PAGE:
Judge Gordon Sullivan is in the pits. Someone get him a ladder.
The Pit Wants What It Wants.
In his treatise on horror in fiction Danse Macabre, Stephen King usefully distinguishes between terror, horror, and revulsion. Revulsion is the easiest effect to produce. Most of us have shared reactions to gore, death, and things that crawl out of the earth. Show one on film and you can be pretty sure that you'll turn the stomachs of your audience. Horror is a little harder. We feel horror, according to King, at that moment when the monster is revealed to us, so filmmakers have to work a little harder to actually show us a monster that will horrify us. That's not much more difficult than showing us something disgusting. Terror, however, is harder to achieve, especially for the filmmaker. To achieve terror, we must fear the monster, but more importantly, we must fear the monster before we see it. The filmmaker who wishes to strike terror in our hearts must suggest without showing. First-time filmmaker Chad Crawford Kinkle took this lesson to heart, crafting a first-rate horror film in Jug Face by suggesting so much more than he ever shows. Though not a perfect film, Jug Face is an auspicious debut that horror fans should check out.
Facts of the Case
Jug Face takes place in the world of a forest community. An inbred clan worships a pit in the ground that seems to have healing powers. Several members of the clan have varying kinds of psychic ability, including Dawai (Sean Bridgers, Sweet Home Alabama). Dawai makes clay jugs, and when the face of a member of the community appears on the jug, the community must sacrifice that person to the creature in the pit. Ada (Lauren Ashley Carter, The Woman) is a young woman in the community who finds herself pregnant. When her face appears on a jug, she has more than one reason to want to escape.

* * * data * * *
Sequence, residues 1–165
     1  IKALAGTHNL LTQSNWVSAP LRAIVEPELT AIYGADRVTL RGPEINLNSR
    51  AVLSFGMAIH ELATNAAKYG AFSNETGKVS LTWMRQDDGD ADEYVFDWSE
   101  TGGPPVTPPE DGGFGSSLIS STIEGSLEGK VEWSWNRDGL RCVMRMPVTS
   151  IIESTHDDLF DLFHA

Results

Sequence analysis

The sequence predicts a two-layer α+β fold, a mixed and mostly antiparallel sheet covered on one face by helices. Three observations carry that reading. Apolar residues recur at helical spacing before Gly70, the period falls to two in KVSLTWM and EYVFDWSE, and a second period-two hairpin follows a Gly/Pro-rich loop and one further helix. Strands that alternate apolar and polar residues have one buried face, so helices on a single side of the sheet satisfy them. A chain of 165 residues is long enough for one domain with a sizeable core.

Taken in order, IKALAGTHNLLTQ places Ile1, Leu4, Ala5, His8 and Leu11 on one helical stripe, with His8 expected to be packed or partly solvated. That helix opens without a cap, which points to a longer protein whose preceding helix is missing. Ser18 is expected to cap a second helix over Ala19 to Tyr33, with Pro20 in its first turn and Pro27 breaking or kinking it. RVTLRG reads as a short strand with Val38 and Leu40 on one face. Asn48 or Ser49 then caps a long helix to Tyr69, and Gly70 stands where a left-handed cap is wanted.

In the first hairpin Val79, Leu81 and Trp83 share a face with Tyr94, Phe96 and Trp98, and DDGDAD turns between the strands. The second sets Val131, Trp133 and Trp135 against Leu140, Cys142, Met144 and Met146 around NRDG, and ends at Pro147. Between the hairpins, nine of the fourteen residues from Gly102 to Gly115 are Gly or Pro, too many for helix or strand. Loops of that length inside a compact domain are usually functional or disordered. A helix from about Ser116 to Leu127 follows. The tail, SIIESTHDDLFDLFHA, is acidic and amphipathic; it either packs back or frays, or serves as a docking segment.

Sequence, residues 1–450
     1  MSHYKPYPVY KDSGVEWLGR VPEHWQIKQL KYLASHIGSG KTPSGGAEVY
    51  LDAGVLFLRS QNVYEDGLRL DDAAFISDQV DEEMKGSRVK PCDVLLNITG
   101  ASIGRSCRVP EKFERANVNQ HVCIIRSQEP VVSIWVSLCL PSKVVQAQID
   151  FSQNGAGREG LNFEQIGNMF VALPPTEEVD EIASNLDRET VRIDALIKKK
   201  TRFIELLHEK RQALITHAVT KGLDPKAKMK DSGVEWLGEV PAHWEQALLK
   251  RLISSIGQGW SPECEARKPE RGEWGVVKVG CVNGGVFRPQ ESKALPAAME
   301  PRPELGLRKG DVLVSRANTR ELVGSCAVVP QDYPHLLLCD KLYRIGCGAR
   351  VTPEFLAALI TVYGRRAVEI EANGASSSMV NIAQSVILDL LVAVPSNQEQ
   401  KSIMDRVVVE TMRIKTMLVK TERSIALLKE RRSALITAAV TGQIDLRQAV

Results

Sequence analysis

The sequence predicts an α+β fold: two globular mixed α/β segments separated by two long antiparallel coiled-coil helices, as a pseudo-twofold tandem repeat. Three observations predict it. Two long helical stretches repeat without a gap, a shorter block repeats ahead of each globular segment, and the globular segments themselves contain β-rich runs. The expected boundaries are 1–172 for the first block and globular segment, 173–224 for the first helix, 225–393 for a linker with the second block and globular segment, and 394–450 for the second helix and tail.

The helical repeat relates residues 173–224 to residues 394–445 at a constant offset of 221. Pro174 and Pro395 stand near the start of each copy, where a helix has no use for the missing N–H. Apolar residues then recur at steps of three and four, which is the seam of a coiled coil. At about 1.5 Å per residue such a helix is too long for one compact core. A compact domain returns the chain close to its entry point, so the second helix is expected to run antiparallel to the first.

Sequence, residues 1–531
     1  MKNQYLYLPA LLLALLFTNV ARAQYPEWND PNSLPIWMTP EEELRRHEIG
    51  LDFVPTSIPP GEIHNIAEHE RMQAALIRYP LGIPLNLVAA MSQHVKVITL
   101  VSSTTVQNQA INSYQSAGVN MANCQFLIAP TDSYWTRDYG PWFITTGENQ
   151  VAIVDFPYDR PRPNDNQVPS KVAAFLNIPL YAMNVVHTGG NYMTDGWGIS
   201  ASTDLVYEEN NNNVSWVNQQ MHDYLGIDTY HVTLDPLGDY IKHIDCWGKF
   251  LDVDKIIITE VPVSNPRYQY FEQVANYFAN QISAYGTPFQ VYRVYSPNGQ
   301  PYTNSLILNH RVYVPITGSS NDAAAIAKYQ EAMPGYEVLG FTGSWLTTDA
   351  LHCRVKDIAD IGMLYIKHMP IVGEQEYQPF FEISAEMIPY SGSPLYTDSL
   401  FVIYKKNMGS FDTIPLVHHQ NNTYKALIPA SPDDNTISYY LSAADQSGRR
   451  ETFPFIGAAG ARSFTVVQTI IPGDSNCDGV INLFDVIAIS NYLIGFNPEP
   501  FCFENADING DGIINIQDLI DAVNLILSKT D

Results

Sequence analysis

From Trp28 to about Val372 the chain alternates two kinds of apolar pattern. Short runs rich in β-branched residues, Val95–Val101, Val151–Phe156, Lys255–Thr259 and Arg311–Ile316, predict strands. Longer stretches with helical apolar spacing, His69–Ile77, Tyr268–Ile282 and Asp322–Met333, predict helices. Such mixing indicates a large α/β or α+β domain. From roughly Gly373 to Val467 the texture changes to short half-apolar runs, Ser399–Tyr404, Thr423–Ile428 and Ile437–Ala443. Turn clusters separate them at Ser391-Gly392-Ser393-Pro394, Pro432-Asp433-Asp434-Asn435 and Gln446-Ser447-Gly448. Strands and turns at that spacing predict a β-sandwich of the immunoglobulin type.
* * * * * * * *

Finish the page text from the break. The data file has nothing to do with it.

Through a strange trick of geography, Baltimore is considered part of the South despite its proximity to bastions of the North like Philadelphia and New York City. Because of this, and his time in Richmond, Edgar Allan Poe is sometimes considered a Southern writer despite his more cosmopolitan leanings and associations with New England. I point this out because Jug Face feels a bit like a Poe story if Poe had been writing in Tennessee or Kentucky instead of Baltimore or NYC. Like the best of Poe's work, Jug Face opens onto a world that runs parallel to our own, just out of reach. Also like the best of Poe's work, Jug Face inspires terror not by what we see, but by what's suggested.